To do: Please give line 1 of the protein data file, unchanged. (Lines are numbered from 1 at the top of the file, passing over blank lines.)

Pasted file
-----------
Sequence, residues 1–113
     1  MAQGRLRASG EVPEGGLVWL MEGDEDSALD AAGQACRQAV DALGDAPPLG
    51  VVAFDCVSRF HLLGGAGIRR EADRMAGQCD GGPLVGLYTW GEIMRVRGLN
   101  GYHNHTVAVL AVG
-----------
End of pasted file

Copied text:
Sequence, residues 1–113